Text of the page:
The focus of yesterday’s game, justifiably, was Jake Arrieta’s final spring start before the regular season arrives. In that regard, despite the earned runs you may have seen, the outing was a big success. Arrieta threw strikes, had typically good stuff, and missed a lot of bats.
That wasn’t the only highlight from the game, though, as two of the Cubs’ less-discussed prospects homered, and possibly the Cubs’ most-discussed prospect doubled twice.
That latter guy is Ian Happ, only recently cut from camp, and having received effusive praise for his ridiculously strong spring performance. He came off the bench yesterday, and just kept doing what he’s been doing:
You know that ball was hit hard, given how far it traveled the opposite way, despite looking like it came off the end of the bat (good sound, though). That was only one of Happ’s doubles in the game, pushing his spring line to a hilarious .415/.475/.811. He’ll soon head to AAA Iowa to begin his minor league season, but, depending on what happens in the big leagues, he could theoretically come up at any time. Keep an eye on the strikeout rate (which has been a touch high, even here in the spring), but if Happ keeps hitting the ball this hard when he does make contact, he might very well survive despite an elevated strikeout rate.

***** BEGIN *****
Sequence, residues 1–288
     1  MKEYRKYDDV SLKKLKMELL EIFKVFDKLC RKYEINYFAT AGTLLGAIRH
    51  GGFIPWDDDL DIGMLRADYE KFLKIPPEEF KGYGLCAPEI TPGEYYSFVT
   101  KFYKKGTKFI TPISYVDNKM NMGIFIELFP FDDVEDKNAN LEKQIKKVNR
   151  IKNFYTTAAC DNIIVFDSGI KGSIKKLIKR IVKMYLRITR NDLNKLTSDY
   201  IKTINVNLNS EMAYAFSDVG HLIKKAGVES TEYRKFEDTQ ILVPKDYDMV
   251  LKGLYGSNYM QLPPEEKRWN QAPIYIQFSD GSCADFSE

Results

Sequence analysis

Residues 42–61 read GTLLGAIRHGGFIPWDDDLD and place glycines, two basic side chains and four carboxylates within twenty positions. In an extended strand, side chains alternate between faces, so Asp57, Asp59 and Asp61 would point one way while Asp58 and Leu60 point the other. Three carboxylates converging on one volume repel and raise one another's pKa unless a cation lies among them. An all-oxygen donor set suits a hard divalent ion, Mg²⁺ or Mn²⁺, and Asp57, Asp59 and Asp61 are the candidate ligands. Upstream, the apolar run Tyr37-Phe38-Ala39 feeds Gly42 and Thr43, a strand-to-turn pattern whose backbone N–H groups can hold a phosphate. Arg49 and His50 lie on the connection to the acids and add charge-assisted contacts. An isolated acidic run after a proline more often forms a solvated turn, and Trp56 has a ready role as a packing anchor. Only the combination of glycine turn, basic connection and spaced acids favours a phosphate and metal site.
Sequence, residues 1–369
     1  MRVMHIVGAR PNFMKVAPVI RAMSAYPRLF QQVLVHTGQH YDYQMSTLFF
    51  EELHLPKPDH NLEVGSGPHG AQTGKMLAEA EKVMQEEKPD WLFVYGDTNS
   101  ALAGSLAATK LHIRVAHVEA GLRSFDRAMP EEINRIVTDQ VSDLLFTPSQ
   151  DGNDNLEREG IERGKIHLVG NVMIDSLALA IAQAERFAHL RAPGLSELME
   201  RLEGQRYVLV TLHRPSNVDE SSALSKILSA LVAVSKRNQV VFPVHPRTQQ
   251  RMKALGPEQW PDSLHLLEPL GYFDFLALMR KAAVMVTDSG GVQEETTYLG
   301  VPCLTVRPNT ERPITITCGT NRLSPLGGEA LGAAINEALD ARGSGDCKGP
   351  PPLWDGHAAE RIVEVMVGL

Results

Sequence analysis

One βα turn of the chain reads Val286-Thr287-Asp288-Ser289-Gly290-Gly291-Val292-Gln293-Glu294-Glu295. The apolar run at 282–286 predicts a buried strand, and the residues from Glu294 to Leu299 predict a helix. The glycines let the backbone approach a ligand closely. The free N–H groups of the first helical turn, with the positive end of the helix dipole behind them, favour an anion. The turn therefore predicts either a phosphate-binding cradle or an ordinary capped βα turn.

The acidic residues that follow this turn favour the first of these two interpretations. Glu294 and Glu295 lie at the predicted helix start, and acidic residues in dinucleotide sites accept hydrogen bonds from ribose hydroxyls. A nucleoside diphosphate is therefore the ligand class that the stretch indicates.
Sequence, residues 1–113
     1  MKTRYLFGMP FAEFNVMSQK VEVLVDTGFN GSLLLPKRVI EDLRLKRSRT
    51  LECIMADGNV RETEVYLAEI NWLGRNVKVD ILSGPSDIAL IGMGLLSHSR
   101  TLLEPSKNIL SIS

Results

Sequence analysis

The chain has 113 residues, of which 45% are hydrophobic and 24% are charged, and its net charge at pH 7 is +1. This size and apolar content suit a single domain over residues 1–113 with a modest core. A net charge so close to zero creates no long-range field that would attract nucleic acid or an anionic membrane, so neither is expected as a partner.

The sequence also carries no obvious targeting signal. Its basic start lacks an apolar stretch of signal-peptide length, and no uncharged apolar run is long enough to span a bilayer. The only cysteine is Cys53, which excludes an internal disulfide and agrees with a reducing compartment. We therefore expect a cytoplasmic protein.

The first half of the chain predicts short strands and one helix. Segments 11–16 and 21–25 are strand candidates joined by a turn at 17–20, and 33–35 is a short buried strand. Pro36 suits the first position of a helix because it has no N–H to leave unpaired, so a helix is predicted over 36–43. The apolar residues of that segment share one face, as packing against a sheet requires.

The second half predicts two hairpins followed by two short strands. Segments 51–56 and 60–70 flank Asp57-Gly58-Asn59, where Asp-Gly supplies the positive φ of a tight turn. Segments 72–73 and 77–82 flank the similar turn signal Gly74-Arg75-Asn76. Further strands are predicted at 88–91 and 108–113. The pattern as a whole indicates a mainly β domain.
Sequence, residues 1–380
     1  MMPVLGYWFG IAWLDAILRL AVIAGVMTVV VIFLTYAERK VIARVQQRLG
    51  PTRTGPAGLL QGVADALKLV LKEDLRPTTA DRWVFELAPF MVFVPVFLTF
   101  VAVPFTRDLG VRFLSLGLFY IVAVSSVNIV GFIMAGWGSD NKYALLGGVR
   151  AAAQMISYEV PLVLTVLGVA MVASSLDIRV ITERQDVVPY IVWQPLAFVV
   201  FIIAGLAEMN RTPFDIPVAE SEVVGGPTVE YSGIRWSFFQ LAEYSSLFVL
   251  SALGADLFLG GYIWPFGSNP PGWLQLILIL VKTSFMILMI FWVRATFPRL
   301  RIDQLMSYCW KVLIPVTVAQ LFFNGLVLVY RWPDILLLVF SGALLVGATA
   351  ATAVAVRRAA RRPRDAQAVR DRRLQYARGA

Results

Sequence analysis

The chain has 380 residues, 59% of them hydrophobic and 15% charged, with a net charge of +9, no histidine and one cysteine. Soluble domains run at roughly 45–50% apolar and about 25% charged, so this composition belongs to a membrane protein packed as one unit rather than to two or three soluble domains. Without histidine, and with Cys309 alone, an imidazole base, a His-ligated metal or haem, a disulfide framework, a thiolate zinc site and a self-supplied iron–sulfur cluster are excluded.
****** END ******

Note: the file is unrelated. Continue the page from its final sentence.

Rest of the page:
Speaking of hitting the ball hard, Chesny Young is really showing off his power this spring:
That was a big-time mistake pitch, and Young absolutely punished it. Ultimately, that’s where Young’s power will mostly be, if it develops: a mistake on the inner half, and Young turns on it aggressively with authority. And, as we’ve said before, Young’s future will go as his power goes. No, not because he needs to be a slugger to succeed, but because he needs to hit for just enough power to make the rest of his offensive game (high contact rate, lots of singles, good discipline, lots of walks) actually shine through. Without the fear of a little power, pitchers can pound the zone, reducing the walks and taking advantage of the better big league defense behind them.
And speaking of power, first base prospect Yasiel Balaguert has plenty of it:
Yeah, he can send the ball out. Balaguert, 24, has a 2.000 OPS on the spring (albeit in 10 at bats), and will likely head to AA to begin the season after getting by at High-A last year. I say getting by because, although he had some ridiculously hot streaks, Balaguert’s overall production at the plate was just about average. That won’t cut it as he climbs the ladder as a bat-first/bat-only prospect. Here’s hoping he’s taken that next step, and the might of his offensive ability shines through this season. Even if he never winds up finding a spot with the big league team, last year’s Dan Vogelbach trade proved that a bat-only prospect can still net a nice return in trade.